Sun 24 Jul 2011
I mean, just look at him over there on the right. He’s not working, going to summer camp or running errands. He doesn’t even pick up after himself.
While the rest of us rush around, Vince sleeps in a sunbeam or gazes out the window. The only time he shows any enthusiasm is when he thinks we ought to feed him.
It doesn’t seem fair, does it?
So, I decided to put Vince on his own version of a summer reading program. After all, he’d grudgingly reviewed cat-related books for my blog before. (You can read his takes on Where is Catkin, Frankie Works the Night Shift and Raj, the Bookstore Tiger).
And goodness knows I could use the break.
In the past, I’ve succeeded in getting Vince to review books by casually leaving them around the house where I knew he’d see them.
This time, I was more direct.
I put I Am Tama, Lucky Cat (Peachtree, 2011), a Japanese folktale by Wendy Henrichs and Yoshiko Jaeggi, in front of Vince’s nose and told him to make himself useful and to make it snappy.
He ignored me and snuggled into his sunbeam.
I threatened to cut off his supply of cat treats and switch him back to dry food. But he was unimpressed.
He left the following review on my computer and promptly went back to sleep. Same sunbeam, different angle.
Take it away, Vince.
This book is about a cat named Tama. He lives in Japan where he is doted on by a poor Buddhist monk.
The monk lets Tama come in out of the cold, shares what little food he has, admires Tama’s beautiful orange-and-black markings and is happy to have the cat simply sit by him. Tama’s mere presence is enough to make the monk happy.
He never expects Tama do extra things like book reviews.
But anyhow … Tama is grateful for the monk’s care. And he wants to help the temple, which is old and run-down. Like any self-respecting cat, he catches a mouse now and then. But one day, he does something much more important.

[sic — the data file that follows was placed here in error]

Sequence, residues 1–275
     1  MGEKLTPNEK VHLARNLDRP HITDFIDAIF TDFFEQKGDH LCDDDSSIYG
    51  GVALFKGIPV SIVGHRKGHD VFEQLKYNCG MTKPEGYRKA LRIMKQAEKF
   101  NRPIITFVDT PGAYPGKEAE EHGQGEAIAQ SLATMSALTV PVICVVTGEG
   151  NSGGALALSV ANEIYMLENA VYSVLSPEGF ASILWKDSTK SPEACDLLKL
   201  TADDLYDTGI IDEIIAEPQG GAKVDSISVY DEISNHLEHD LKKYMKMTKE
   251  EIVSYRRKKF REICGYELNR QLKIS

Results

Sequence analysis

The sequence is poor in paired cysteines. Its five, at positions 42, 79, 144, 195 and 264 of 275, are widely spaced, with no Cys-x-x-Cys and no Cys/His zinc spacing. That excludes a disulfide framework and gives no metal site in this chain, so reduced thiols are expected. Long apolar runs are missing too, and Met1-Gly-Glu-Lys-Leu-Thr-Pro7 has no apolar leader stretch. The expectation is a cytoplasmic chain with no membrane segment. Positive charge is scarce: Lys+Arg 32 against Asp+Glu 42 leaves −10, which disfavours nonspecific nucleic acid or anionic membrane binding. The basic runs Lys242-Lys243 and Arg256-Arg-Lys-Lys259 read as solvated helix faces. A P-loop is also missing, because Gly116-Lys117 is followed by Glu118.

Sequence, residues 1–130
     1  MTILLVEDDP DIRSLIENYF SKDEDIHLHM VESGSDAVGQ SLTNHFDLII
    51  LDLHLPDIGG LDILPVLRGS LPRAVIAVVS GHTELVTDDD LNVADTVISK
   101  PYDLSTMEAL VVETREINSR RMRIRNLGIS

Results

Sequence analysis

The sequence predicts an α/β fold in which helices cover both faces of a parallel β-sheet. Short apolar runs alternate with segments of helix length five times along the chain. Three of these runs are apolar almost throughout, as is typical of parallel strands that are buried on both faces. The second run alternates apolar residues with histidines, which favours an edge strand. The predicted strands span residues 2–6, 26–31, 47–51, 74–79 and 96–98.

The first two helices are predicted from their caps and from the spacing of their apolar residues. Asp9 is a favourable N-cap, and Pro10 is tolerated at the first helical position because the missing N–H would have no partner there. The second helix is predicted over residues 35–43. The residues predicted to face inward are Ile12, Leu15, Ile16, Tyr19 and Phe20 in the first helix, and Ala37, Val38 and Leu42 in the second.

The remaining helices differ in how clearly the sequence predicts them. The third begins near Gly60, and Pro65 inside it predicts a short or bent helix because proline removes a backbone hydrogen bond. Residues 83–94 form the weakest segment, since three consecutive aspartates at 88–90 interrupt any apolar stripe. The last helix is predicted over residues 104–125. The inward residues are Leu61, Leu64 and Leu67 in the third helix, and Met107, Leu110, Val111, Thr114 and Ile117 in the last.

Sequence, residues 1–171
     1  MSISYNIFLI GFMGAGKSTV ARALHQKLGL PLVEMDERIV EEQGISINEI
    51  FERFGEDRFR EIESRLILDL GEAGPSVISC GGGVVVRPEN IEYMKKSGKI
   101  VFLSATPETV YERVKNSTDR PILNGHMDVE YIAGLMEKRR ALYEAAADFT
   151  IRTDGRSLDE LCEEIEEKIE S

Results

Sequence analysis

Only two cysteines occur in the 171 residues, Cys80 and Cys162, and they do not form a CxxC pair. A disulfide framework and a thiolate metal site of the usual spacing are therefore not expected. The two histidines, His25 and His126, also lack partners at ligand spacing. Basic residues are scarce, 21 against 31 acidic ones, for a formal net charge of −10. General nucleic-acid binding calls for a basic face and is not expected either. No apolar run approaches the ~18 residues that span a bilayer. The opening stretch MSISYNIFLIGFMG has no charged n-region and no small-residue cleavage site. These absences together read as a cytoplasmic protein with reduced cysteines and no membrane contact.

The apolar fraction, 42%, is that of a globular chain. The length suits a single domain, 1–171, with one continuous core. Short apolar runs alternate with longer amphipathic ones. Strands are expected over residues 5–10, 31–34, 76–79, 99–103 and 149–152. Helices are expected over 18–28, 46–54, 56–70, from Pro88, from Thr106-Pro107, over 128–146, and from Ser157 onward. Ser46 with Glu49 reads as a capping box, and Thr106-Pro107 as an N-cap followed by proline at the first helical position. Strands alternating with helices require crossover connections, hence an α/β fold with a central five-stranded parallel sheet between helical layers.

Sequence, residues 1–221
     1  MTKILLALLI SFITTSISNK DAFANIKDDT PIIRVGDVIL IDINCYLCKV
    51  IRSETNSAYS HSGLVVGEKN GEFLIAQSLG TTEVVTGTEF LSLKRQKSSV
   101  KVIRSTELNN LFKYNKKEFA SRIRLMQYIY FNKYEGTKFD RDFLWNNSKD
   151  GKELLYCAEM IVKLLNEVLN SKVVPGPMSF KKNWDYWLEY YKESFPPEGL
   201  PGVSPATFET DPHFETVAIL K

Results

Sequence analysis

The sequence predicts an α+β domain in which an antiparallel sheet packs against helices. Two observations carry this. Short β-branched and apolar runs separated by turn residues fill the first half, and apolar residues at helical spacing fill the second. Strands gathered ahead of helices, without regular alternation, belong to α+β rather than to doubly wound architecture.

A samurai warlord seeks shelter under a temple tree during a storm. Tama raises his right paw and welcomes him. The samurai is impressed and comes forward to greet the cat. As he does, the branch of the tree he was standing under is struck by lightning and falls, landing right where the samurai had been just a few seconds before.
It’s a near miss. And, the samurai — intelligent man that he is — recognizes that Tama’s friendliness saved his life. He thanks the cat by repairing the temple and making sure the monk, the worshippers and the cat have everything they need to be comfortable for the rest of their lives.
And, of course, Tama’s actions result in cats like him being linked to good fortune throughout Japan. You’ve probably seen a replica of Tama if you’ve ever visited a restaurant or shop that has a cat figurine with one paw raised displayed on its counter.
And, for the record, I’m not as lazy as the owner of this blog would have you believe. I’d be happy to catch a mouse if I ever saw one inside the house. And if a samurai warlord was stuck in the rain, I’d invite him inside. The right opportunity just hasn’t presented itself yet.
But now, I’ll be ready when it does.
If you’re looking for other reviews of this book, here are three to consider. Of course, I can’t endorse them fully. They are written by humans, after all. But sometimes, a cat just has to work with what’s available.